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Chloë Grace Moretz: Dealing with ‘older men’ on set as a teen was a ‘mind f – – k’

New York Post logo: MainLogo New York Post 11/29/2022 Brooke Steinberg

Chloë Grace Moretz has been acting for most of her life, and she’s now revealing that she felt “infantilized” by “older men” when she was a teenager.

The 25-year-old actress has been onscreen since the age of 7— and landed the lead role in “Carrie” at just 14.

While appearing on the “Reign with Josh Smith” podcast, Moretz looked back at the “power struggle” she felt on sets where she was the lead, but she was just a teenager among older male co-stars and colleagues.

“There were a lot of moments where it wouldn’t and I was treated equally,” said Moretz, who recently declared that she has entered her “f – – k it era” after living for a time as a recluse.

“It was a really wild power struggle and power dynamic as a young girl who had worked for already 10, 11, 12 years, throughout my teenage years and was the lead of movies, but was still a kid in every sense of the word.”

© Provided by New York Post Chloë Grace Moretz looked back at the “power struggle” she felt on sets where she was the lead, but she was just a teenager.Axelle/Bauer-Griffin/FilmMagic © Provided by New York Post Moretz has been acting for most of her life.Gregg DeGuire/WireImage

“They might have children the same age as me and there was a really interesting rub that would happen that, I felt like I was always really fighting against trying to figure out to conduct myself in a way that I’ll be respected, so I can be respected on set and given the credit that I felt that I deserved.”

Moretz admitted that she struggled to “have a voice in the same game” and to advocate for herself when she was playing characters that were her own age at the time.

Fighting for parity with grown men on set at “14, 15, 16-year-old self is a really, really crazy kind of mind f – – k,” she said. “It was always odd from my first leading role when I was 14 in ‘Carrie’ … It was always really interesting to see who would be really unhappy with a young woman.”

© Provided by New York Post Moretz arrives at the “Kick-Ass” premiere in 2010 in Hollywood.Frazer Harrison/Getty Images see also © Provided by New York Post Chloë Grace Moretz: ‘I’m in my f — k it era’ after being a recluse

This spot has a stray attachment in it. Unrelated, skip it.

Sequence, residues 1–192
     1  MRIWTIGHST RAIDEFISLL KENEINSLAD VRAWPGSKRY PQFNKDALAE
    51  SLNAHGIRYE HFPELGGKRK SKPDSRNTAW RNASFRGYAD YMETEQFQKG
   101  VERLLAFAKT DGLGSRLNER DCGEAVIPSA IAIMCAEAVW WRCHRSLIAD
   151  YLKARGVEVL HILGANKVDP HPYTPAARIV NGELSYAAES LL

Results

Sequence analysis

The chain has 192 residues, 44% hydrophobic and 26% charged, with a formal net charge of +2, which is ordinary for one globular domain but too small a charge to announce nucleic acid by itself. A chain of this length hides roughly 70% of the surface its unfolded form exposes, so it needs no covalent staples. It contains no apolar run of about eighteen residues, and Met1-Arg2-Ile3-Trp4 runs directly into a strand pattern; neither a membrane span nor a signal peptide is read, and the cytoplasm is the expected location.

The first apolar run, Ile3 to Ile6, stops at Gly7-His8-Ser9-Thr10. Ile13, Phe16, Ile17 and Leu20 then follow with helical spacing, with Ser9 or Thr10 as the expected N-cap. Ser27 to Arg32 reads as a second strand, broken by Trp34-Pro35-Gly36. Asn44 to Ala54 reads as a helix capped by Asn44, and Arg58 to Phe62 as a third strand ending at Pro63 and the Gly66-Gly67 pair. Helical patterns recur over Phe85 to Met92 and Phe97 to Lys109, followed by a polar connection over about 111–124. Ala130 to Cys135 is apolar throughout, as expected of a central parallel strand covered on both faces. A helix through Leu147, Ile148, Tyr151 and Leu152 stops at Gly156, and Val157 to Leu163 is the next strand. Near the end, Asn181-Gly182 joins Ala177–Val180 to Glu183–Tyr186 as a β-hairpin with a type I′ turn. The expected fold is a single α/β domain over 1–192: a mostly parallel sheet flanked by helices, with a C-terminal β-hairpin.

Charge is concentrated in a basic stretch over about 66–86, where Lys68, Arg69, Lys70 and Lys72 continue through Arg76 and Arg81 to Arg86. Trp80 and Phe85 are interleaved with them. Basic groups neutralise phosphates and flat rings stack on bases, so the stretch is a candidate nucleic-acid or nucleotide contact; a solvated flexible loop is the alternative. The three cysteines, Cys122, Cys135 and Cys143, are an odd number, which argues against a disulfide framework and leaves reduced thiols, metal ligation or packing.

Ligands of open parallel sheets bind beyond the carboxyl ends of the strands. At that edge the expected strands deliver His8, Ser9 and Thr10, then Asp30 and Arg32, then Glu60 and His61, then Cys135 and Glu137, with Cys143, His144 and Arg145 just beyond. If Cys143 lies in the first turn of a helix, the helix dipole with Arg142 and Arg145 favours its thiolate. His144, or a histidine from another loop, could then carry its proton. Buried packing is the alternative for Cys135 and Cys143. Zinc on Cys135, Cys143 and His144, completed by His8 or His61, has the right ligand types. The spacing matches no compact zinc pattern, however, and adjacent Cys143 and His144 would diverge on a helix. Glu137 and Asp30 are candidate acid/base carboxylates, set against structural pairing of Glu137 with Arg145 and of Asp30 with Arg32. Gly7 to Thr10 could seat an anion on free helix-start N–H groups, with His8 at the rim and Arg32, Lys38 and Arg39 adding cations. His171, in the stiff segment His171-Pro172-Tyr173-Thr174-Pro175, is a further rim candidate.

By the time Moretz got the role of Stephen King’s Carrie White, originated by Oscar winner Sissy Spacek in the 1976 Brian DePalma film, she had already been working in the industry for nearly a decade.

“As I continued through having more important roles on set as I grew up, it was always very interesting to see the pushback that I would get from a lot of people,” Moretz said.  “The majority of it was older men for sure who would infantilize me. If I had real things to bring to the table, a lot of the time it would get shot down,” she added.

However, she said her experience as a teenage actress taught her how to propose ideas in a way that made it seem like it was one of the older men’s ideas.

© Provided by New York Post Moretz at the 2010 Empire Film Awards in London.BEN STANSALL/AFP via Getty Images

“It would come back around and be like, ‘Oh my God, what a novel idea that you have on behalf of my character that I totally did not propose to you in no special way,’ ” she said. “But it was an interesting dynamic and as I grew up and as my characters grew up, I always had to be very sweet and very kind of back footed in the way that I proposed things, but strong.”

The “Kick-Ass” star also shared how important boundaries are to her after not growing up with any.

“I learned a lot of my boundaries in life and what I want in my friendships and what I want in my relationships … I think boundaries are super important,” she said. “And part of realizing your boundaries and actually enforcing your boundaries is speaking your truth without blame or judgement to people.”

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